New York CNN Business  — 

To Goldman Sachs CEO David Solomon, the current economic environment doesn’t feel like the pre-crisis days of August 2007. But he identifies at least one thing that could cause the economy to go off track: The trade war.

“I don’t think we’re at a moment where there is an impending economic crisis,” Solomon told CNN Business’ Christine Romans during an exclusive interview at the Goldman Sachs 10,000 Small Businesses graduation at the Iowa State Fair. “But look, things could change.”

Solomon acknowledged the trajectory of America’s economy is “slowing a bit” and that the deepening US-China trade war has the potential to cause problems.

“The underlying economy is still doing okay. The chance of a recession in the near term is still relatively low,” the Goldman Sachs (GS) boss said. “But we have to watch what’s going on with tariffs.”

Recession jitters

Others have expressed more concern, especially as global markets experienced turbulence last week due to fears about the trade war.

“We may well be at the most dangerous financial moment since the 2009 Financial Crisis,” former US Treasury Secretary Larry Summers, who was appointed to that post by former President Bill Clinton, said last week on Twitter.

JPMorgan Chase economist Joseph Lupton warned last week that the probability of a US recession over the next 12 months has climbed to 40%.

Billionaire Jeffrey Gundlach sees a 75% chance of a recession prior to the 2020 presidential election. He told Yahoo Finance last week that the US Treasury yield curve, the gap between short-term and long-term bond yields, looks “a lot like 2007.”

But the Goldman Sachs CEO downplayed comparisons with a dozen years ago.

“I don’t see that,” he said. “There is a tendency to look at things through the rearview mirror.”

The next recession, Solomon said, will be “very different.”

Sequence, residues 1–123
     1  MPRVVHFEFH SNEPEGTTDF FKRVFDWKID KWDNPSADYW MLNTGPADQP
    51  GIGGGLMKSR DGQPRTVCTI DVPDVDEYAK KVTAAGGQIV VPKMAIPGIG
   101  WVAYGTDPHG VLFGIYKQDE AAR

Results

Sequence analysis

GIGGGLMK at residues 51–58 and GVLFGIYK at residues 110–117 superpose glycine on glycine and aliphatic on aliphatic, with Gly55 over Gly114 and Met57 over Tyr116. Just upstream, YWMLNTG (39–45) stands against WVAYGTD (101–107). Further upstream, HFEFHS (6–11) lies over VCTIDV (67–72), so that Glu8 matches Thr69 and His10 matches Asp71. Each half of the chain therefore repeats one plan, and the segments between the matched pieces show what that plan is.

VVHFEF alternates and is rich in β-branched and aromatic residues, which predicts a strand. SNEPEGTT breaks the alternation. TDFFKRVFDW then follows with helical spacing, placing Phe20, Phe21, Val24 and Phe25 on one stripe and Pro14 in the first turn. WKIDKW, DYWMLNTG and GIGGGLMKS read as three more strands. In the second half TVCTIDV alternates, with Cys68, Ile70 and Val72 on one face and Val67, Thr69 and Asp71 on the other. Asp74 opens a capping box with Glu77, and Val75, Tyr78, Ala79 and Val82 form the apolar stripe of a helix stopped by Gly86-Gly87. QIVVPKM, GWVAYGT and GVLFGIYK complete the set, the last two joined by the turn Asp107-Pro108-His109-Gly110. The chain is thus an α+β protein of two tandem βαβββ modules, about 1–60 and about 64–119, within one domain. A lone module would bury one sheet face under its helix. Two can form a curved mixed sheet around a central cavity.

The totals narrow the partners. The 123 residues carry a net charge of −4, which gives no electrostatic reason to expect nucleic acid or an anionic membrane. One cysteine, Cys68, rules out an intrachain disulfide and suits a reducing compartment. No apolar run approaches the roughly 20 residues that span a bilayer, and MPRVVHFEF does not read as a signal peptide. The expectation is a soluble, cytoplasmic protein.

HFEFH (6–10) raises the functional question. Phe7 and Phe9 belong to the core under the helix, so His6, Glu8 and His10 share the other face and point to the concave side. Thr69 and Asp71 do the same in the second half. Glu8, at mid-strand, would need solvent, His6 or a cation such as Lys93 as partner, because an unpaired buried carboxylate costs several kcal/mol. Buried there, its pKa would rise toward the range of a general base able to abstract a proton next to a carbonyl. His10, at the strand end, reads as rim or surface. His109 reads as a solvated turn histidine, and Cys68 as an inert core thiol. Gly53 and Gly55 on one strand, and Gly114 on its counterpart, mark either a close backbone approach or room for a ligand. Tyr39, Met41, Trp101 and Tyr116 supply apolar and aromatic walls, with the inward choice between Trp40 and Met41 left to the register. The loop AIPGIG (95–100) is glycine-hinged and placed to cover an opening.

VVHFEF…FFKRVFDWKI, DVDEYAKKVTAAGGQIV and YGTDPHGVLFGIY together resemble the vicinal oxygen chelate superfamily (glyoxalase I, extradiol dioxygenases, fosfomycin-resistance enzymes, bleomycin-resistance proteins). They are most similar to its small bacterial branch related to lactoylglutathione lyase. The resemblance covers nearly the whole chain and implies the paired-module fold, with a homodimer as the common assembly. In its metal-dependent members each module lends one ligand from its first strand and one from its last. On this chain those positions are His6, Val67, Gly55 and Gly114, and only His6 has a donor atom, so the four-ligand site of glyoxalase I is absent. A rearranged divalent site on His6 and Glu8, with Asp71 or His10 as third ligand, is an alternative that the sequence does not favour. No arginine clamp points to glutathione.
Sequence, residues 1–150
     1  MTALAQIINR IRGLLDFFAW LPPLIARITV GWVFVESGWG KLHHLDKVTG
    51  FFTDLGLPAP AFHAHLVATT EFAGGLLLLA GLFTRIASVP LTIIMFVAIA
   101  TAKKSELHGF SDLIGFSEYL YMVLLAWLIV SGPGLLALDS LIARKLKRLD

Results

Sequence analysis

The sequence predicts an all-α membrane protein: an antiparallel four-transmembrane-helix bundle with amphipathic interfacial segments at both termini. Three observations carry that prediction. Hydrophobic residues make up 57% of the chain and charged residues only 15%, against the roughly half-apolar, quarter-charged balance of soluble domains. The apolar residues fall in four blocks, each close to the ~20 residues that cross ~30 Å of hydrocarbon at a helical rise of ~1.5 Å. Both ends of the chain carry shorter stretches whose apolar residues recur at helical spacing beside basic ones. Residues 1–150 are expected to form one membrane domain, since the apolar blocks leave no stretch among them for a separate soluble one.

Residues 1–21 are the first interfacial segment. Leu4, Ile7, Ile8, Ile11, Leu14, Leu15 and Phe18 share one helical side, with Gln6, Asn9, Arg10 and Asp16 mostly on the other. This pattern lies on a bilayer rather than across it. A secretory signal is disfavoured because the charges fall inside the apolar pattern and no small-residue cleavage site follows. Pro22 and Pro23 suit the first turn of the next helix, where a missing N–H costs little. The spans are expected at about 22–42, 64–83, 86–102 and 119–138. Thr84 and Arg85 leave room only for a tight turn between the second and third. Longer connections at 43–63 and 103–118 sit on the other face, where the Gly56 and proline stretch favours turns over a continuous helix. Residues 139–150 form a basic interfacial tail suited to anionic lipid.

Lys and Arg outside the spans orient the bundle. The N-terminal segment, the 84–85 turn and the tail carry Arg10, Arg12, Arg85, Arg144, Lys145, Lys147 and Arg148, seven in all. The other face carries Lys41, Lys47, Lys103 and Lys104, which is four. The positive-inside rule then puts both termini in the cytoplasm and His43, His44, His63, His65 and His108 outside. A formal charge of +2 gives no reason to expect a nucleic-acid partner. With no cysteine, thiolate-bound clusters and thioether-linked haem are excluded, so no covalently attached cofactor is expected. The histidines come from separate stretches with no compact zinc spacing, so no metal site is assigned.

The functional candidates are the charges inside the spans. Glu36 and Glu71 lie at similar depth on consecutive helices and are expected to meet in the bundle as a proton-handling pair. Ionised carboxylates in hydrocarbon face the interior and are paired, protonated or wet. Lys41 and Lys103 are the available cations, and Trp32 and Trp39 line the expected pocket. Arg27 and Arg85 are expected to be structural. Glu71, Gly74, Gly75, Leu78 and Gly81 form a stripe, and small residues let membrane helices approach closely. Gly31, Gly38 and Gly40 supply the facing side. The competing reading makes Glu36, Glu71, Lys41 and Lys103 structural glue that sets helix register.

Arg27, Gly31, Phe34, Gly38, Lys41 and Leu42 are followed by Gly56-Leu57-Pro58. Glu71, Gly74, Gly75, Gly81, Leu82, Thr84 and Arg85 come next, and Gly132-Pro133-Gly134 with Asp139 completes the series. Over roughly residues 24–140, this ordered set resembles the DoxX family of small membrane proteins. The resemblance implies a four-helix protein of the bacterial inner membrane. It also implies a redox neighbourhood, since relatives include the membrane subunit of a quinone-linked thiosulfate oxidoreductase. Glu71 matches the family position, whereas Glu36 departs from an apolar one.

Trade war fallout

Nervous investors around the world piled into ultra-safe government debt last week as trade tensions between the United States and China climbed.

The Trump administration has vowed to impose a 10% tariff on $300 billion of Chinese goods by September 1. Some economists have warned that rising trade tensions could hurt the economy by making households and businesses too nervous to spend money.

“At the moment, I think the real impact of tariffs has been small, but you’ll have to watch that carefully,” Solomon said. “Those are the kind of things that can change confidence. And confidence can slow down economic activity.”

The Goldman Sachs boss defended the Trump administration’s desire to rebalance the trade relationship with China.

“I’m not a fan of tariffs, but we need to find a way to push,” Solomon said.

Solomon also pushed back against comments made by Peter Navarro, a senior trade adviser at the White House. Navarro recently said that Goldman Sachs had outsourced jobs and sent factories overseas.

“I saw that. Like a handful of other things I’ve seen him say the last couple of days, I don’t really understand what he’s talking about,” Solomon said.

He pointed out that Goldman Sachs is working to help the real economy, including through programs like 10,000 Small Businesses. The initiative aims to help entrepreneurs by improving access to education, capital and other services.

Is the Fed following Wall Street?

Solomon weighed in on the controversy surrounding the Federal Reserve, which has been repeatedly attacked by President Donald Trump over interest rates.

“It’s very, very important that we have an independent Fed,” Solomon said, echoing comments made last week by the four living former Fed chiefs.

On Friday, Trump argued the Fed has “handcuffed” the US economy. He called for the central bank to slash interest rates by a full percentage point — an extreme move typically reserved for emergencies.

Solomon said that the world has “gotten used to the very, very significant easy money” monetary policy that was used to fight the global financial crisis.

But he worries that the Fed is paying too much attention to the noise.

“Monetary policy, to me, seems a little bit more attached to markets at the moment. And also politics,” Solomon said. “I don’t think that is healthy.”